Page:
September 21

St. Matthew

St. Matthew

When They Lived:

St. Matthew, also known as Levi, is believed to have lived during the 1st century AD. The exact dates of his birth and death are not definitively known, but it is widely accepted that he lived in the early decades of that century.

Where They Lived:

St. Matthew’s life was centered around Capernaum, a bustling fishing village located on the northern shore of the Sea of Galilee in ancient Israel. This region was a crossroads of cultures and trade, making it a melting pot of various influences.

Notable World Events During the Time of Their Life:

  • The Roman Empire’s Expansion: St. Matthew’s lifetime coincided with the height of the Roman Empire’s expansion, marked by Emperor Augustus’ reign. The Roman Empire’s far-reaching influence had a profound impact on the cultures and societies of the time.
  • The Birth of Jesus Christ: A pivotal event in history, the birth of Jesus Christ is said to have occurred during St. Matthew’s lifetime. While not directly related to St. Matthew’s patronage, this event had a profound impact on Christianity and the world’s cultural and religious landscape.
  • The Destruction of the Second Temple: In 70 AD, the Second Temple in Jerusalem was destroyed by the Romans under Emperor Titus. This event marked a significant turning point in Jewish history and had far-reaching repercussions for religious practices and beliefs.
  • Ptolemaic Influence in Egypt: During St. Matthew’s time, the Ptolemaic Kingdom in Egypt was transitioning into Roman control. This change in power had implications for trade, culture, and knowledge exchange throughout the Mediterranean region.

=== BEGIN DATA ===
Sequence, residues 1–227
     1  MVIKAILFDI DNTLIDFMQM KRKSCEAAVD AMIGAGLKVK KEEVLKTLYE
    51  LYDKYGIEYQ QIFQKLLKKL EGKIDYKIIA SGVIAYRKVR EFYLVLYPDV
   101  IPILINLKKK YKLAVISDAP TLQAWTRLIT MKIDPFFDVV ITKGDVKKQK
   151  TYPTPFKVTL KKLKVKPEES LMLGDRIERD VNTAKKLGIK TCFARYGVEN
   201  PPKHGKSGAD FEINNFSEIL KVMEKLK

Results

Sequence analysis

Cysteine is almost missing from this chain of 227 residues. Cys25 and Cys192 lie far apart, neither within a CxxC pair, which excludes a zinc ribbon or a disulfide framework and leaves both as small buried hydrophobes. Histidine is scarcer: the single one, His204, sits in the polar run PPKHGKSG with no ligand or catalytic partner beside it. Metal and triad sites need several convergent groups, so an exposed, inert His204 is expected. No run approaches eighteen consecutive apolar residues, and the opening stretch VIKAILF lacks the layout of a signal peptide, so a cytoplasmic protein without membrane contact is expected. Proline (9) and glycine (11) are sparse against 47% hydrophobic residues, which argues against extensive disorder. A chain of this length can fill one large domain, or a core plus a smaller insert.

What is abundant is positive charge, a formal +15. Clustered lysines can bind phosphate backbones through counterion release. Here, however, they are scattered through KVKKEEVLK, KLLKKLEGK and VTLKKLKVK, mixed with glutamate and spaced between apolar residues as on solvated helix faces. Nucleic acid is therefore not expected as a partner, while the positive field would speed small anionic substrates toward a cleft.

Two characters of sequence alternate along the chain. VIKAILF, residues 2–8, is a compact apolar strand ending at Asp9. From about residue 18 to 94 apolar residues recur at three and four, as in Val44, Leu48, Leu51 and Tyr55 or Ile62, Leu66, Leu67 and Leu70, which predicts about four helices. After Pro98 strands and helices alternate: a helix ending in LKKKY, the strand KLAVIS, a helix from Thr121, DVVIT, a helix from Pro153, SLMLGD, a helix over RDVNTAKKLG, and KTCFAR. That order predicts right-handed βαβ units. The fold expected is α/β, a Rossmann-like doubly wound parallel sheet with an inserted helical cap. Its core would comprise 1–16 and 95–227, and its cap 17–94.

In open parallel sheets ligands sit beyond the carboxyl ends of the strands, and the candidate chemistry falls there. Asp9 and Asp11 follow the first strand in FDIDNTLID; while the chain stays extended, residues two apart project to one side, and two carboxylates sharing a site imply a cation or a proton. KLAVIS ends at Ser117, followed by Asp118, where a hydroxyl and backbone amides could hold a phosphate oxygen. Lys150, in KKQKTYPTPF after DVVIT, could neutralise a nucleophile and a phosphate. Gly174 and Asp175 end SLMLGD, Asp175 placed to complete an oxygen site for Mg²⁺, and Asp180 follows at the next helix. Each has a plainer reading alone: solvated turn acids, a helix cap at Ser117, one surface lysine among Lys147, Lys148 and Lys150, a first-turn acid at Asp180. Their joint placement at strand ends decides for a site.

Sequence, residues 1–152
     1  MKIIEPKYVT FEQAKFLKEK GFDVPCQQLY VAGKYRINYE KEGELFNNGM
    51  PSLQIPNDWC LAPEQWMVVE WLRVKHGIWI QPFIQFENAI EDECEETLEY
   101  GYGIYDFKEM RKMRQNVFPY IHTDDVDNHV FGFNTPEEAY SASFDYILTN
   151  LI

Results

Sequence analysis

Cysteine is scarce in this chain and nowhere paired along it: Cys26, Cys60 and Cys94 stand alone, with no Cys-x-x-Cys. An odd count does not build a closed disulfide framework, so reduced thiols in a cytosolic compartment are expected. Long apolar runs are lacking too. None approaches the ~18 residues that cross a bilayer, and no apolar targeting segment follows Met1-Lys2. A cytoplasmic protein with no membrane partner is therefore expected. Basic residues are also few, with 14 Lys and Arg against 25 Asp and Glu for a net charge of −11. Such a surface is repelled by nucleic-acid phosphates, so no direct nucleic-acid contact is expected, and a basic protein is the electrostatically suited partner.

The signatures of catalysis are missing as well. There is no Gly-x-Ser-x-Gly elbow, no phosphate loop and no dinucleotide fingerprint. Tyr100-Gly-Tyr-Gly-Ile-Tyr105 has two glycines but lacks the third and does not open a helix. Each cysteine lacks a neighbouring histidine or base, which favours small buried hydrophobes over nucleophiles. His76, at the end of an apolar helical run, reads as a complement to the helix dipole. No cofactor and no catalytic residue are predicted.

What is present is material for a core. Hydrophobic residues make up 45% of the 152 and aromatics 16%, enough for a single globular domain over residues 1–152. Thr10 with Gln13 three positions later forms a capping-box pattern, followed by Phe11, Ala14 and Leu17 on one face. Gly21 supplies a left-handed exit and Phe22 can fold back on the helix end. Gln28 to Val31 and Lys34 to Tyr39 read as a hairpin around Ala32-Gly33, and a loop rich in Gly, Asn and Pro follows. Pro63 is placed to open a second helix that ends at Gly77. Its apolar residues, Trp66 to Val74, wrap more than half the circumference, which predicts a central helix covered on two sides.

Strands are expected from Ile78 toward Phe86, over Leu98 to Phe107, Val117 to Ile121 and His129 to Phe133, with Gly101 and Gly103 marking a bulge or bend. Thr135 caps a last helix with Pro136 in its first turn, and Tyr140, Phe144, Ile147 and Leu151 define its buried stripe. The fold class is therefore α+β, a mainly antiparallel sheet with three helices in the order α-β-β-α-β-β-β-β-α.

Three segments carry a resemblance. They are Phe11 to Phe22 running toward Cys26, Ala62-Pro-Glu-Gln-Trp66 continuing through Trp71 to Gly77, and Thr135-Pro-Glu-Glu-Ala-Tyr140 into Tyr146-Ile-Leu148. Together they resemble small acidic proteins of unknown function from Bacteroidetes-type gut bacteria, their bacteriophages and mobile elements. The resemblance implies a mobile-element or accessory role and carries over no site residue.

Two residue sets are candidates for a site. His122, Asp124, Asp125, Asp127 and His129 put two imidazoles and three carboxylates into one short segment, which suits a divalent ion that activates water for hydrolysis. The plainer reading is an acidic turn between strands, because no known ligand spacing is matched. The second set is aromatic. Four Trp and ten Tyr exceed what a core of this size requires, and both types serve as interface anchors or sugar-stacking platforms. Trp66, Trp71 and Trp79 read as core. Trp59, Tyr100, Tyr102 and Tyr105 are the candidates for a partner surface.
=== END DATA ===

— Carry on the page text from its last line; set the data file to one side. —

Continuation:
• The Development of Roman Law: St. Matthew’s era witnessed the growth and refinement of Roman legal systems, which would later play a crucial role in shaping modern legal frameworks. This development had implications beyond the confines of religion and directly affected the lives of individuals.

Their Patronage:

St. Matthew is revered as the patron saint of accountants, tax collectors, bankers, and customs officers. His association with these professions stems from his own background as a tax collector before he answered the call to become one of Jesus’ twelve apostles. St. Matthew’s transformation from a tax collector to an apostle symbolizes redemption and a change of heart. His story serves as a reminder that

One of the Chosen Twelve

Just like in the case of his fellow Apostles, it is almost impossible to make a complete biography of Matthew because the details of his life are scarce and fragmentary. But the Gospels as well as other non-canonical sources tell us some information about him. Matthew’s name always appears in the lists of the Twelve chosen by Jesus, in Matthew 10:3, Mark 3:18, Luke 6:15, and Acts 1:13. These verses verify that he was indeed one of the Twelve chosen Apostles.

According to their appearance in the Bible, the first gospel goes under his name. The Gospel of Matthew presents Matthew in the list of Twelve with a very precise label: “the tax collector” (Matthew 10:3). Hence, Matthew is identified with the man sitting at the tax office whom Jesus called to follow him: “As Jesus passed on from there, he saw a man named Matthew sitting at the customs post. He said to him, ‘Follow me, And he got up and followed him.” (Matthew 9:9). The Gospels of Mark and Luke also tell of the calling of a man sitting at the tax office who was named “Levi” (see Mark 2:13–17 and Luke 5:27–30).